UK base rates could fall below 5% for the first time in almost 30 years, according to Gerrard, while...
UK base rates could fall below 5% for the first time in almost 30 years, according to Gerrard, while US rates have yet to hit the bottom.
Recent data shows that there is still uncertainty over a recovery in the US market and, as such, the Bank of England may choose to take further insurance over the coming months, says Mike Lenhoff, chief portfolio strategist at Gerrard.
The UK equity market was boosted by the unexpected base rate cut on 2 August, which caused a corresponding fall in bond yields. Lenhoff says there has been a noticeable flattening in the gilt yield curve as yields in the five-year area fell.
He says: 'The easing in policy was particularly surprising in the light of further data released, which highlighted the strength of spending, borrowing and the property market.
'According to the latest CBI Distributive Trades survey, the balance of retailers reporting higher sales in July was the strongest since May 2000. Meanwhile, both Nationwide and the Halifax house price indices have remained firm.'
Despite this, manufacturing has slipped further into recession and this downturn is starting to spread to other areas of business services, says Lenhoff.
He explains: 'For the time being, money markets are anticipating that base rates will remain on hold until the end of the year before rising. The risk is, however, that with unemployment now in the process of turning upwards, further action may be required. Near term, the 10-year area of the market should remain firm.'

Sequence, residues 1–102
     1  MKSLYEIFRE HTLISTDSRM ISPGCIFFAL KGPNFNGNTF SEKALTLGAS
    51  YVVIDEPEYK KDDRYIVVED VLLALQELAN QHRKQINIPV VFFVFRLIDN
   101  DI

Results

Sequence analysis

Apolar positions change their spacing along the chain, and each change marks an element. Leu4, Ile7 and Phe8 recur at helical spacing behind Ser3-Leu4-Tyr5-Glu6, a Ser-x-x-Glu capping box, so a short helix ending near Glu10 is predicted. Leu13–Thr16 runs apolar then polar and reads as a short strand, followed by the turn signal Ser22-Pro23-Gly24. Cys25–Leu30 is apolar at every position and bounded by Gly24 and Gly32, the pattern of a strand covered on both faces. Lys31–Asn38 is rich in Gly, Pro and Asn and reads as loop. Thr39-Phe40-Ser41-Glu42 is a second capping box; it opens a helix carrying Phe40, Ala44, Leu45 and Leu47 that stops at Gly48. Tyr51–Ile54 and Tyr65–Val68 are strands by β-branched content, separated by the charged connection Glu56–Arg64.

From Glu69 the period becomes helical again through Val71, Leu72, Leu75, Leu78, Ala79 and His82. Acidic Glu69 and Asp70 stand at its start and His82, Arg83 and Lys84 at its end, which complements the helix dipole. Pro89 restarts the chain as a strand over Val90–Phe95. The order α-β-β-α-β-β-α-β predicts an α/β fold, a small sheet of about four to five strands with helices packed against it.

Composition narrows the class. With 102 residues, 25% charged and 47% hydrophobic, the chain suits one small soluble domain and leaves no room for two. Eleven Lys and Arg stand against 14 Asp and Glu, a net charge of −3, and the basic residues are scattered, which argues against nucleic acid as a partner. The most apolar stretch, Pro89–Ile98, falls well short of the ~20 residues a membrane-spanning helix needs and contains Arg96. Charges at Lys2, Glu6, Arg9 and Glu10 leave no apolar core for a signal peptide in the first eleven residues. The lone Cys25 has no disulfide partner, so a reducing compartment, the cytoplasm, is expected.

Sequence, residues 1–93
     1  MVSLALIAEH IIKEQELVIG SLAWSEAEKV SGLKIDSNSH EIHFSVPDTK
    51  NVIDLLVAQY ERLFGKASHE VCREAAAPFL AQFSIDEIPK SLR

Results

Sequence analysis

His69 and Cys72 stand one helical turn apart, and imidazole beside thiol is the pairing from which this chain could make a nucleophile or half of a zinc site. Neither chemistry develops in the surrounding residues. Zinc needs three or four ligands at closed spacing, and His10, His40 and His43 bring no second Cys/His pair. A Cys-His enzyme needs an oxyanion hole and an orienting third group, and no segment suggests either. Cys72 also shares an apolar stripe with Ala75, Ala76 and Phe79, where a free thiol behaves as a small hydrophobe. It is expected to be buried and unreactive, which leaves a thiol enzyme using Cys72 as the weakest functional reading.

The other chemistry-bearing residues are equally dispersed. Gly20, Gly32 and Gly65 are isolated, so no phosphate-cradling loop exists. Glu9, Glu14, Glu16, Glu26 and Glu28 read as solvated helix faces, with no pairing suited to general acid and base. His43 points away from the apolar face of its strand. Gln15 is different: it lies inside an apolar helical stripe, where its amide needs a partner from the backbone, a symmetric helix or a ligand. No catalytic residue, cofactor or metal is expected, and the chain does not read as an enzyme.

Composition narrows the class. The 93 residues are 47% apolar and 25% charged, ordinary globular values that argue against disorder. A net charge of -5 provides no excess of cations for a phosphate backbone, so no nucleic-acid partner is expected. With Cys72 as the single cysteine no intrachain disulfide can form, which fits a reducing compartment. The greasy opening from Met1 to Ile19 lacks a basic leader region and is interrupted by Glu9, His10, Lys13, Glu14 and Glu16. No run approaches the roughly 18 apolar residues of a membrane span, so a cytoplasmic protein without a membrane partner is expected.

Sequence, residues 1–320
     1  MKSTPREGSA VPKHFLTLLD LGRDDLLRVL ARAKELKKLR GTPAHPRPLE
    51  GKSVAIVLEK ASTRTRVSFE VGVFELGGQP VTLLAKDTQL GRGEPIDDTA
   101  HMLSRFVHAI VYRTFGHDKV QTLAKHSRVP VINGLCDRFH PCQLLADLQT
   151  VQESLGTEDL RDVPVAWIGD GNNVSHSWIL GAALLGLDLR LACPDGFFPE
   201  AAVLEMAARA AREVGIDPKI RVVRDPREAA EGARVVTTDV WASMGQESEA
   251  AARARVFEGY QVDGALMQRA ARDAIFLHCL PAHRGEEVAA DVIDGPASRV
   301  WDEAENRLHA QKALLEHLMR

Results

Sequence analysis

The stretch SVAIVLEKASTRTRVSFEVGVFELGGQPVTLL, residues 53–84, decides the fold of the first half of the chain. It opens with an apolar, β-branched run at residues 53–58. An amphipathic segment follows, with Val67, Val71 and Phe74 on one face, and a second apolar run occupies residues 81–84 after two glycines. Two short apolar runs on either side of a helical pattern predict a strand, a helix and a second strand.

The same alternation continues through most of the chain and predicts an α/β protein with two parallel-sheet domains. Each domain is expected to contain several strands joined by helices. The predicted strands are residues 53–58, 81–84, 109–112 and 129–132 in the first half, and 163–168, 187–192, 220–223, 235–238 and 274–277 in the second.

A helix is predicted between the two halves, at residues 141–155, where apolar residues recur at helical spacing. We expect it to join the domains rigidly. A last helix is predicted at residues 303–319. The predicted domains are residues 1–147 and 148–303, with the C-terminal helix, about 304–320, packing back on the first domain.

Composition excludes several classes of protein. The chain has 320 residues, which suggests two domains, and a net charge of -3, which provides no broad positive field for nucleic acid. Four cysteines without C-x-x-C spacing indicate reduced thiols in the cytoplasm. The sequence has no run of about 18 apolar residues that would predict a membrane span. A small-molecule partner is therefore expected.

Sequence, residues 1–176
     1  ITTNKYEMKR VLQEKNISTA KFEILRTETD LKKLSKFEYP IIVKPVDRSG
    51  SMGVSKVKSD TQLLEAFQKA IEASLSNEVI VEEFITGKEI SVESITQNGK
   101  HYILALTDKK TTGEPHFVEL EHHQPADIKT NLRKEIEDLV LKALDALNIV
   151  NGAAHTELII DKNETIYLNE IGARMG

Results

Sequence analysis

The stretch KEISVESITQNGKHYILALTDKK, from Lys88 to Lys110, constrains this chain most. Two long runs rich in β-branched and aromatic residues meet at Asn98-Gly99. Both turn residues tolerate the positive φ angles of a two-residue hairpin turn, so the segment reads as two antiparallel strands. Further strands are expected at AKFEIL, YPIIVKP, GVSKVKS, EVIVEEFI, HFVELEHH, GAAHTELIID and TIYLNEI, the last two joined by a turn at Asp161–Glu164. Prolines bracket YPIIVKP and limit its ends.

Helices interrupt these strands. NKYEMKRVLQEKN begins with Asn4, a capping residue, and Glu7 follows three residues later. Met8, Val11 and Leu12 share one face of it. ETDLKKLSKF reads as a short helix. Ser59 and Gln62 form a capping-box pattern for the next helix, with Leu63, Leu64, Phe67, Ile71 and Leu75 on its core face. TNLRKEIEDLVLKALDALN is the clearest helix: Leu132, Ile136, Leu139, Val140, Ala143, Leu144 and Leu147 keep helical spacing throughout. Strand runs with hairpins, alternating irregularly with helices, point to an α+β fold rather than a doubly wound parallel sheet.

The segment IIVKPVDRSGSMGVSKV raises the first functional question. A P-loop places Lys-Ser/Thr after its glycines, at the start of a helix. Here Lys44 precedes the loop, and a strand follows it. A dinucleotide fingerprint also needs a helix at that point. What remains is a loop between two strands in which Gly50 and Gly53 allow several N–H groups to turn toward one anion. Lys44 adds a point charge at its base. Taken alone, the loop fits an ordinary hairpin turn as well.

Paul Griffiths, head of fixed income at Investec Asset Management, says he is not positive on gilts at the moment because he believes the market is overestimating the weakness of economic data.
Griffiths says he is cautious on the UK as he believes consumer and housing markets will remain buoyant.
While he does believe that UK rates have now bottomed, he sees further scope for cuts in the US over the coming months.
'Fixed interest assets still look attractive and we are overweight US assets,' he says. 'Predominantly, we favour Treasuries and we have been cautious on corporate spreads. We still see some value in the eight to 10-year part of the Treasury yield curve.'
Yields on the 10-year Treasury bond have edged up in recent weeks, to little more than 5% as a result of softer news flow, but Gerrard believes the lack of any real positive news will see bonds continue to struggle. Lenhoff argues that rates in the US are likely to continue falling because at this stage signs of recovery are thin on the ground. Griffiths adds that he does not expect rates in the US to start to rise anytime before the middle of 2002.
Merrill Lynch is remaining positive on the global outlook for bonds relative to cash, although it is favouring corporate bonds over sovereign debt as the group believes economic growth looks set to recover.
The company believes the US and UK are both entering the latter stages of the easing cycle for interest rates, which should favour longer-maturity government bonds over short maturities.
• UK equities boosted by rate cut.
• 10-year gilts should remain firm.
• Consumers remain strong.
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